In this step, we’re looking at all kinds of assessments.  That includes diagnostic, formative and summative measures.  It’s important that there are assessments created for your lessons during the curriculum writing process.  This helps you make sure you’re assessing the standards you’ve selected.  It also ensures that those assessments reflect the information you need about what students learned.

By including a variety of assessments, there are multiple measures of the learning process.  That helps us figure out any gaps in student learning and where those gaps took place.

In our curriculum supplement, we included things like rubrics, checklists, written response and likert scales as examples.  We also included both a teacher scoring guide and an aligned student scoring guide.  This allowed students to assess themselves and gave them some ownership of that process.

Question to consider: Are the included assessments varied and do they measure the standard(s) selected?

Step 7: Determine what materials and resources you’ll need.

Once you’ve created your lessons and assessments, it’s time to take a look at what materials you’ll need to complete each lesson.  This is also a great time to consider what key vocabulary terms and 21st century learning skills you’re addressing in each lesson.  It’s really a way to flesh out the core of the lesson into something comprehensive.

This is also the time to create and add in any resources or student guides you want to include for each lesson.  This can certainly be done later by the individual teacher, but if time allows, this is extremely helpful to build in up front.  This will save the teacher time and allows you the opportunity to create resources that tightly align to the objectives of each lesson.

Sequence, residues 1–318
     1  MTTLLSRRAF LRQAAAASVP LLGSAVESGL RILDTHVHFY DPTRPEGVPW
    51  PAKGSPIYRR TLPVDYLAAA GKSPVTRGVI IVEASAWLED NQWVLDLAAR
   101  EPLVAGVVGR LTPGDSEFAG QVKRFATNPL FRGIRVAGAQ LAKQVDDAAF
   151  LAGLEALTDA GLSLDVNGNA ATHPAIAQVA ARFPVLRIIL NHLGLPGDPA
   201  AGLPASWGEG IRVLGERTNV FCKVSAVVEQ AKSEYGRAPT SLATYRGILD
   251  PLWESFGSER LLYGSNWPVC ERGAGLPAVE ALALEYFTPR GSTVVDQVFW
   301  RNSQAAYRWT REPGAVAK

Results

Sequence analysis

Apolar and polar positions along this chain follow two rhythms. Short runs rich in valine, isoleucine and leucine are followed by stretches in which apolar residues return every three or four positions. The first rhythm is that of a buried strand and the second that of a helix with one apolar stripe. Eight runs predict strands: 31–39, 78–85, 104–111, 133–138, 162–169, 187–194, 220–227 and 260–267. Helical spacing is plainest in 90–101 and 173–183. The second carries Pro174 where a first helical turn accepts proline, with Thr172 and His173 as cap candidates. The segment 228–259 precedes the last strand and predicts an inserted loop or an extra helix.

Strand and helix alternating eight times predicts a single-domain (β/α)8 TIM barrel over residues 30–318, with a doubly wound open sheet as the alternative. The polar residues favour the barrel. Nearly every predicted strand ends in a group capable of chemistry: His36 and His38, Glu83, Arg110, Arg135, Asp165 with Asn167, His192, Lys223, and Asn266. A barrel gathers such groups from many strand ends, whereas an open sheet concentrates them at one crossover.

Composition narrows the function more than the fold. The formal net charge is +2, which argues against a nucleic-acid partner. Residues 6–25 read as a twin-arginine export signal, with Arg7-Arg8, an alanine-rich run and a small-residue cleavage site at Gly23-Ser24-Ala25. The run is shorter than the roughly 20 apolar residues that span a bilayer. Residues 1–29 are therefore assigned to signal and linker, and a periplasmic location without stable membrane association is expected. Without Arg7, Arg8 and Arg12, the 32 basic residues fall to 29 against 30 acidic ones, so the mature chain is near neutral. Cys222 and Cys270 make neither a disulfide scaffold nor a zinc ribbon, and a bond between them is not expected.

As an example, we’ve created all of the student handouts as well as the teacher powerpoints in our curriculum.  We did this in an effort to give teachers as much time as possible to really focus on the teaching process.

Question to consider: What materials, vocabulary, and resources should I include that will set a teacher up for success with each lesson?

Step 8: Pull it all together.

Finally, you’re able to pull everything together into a nice, neat curriculum package.  It’s time to celebrate all your hard work!  Deliver it to teachers (or review it yourself if this was just for you) and be sure to get feedback.

We like to include a survey link so that teachers can share what they love and what they wish was different.  This helps us to make small tweaks without having to totally revamp everything again.

Remember that curriculum is a living, breathing thing.  It’s meant to evolve, grow and change as the needs of teachers and students change.  Getting that feedback is so helpful in ensuring any curriculum you work on stays relevant for a long time to come.

Question to consider: Have I provided a way to get feedback and make adjustments as necessary?

There are so many different ways to design curriculum and only you know what works best for your situation.  However, these 8 steps will definitely help you get up and running fast!



Susan Riley is the founder and President of She focuses on teacher professional development in arts integration, Common Core State Standards, 21st century learning skills, and technology. She is also a published author and frequent presenter at national conferences on Arts Integration and Arts and the Common Core.

Susan holds a Bachelor of Music degree in Music Education from the prestigious Westminster Choir College in Princeton, NJ and a Master of Science in Education Administration from McDaniel College in Westminster, MD. She lives in Westminster, MD with her husband and daughter.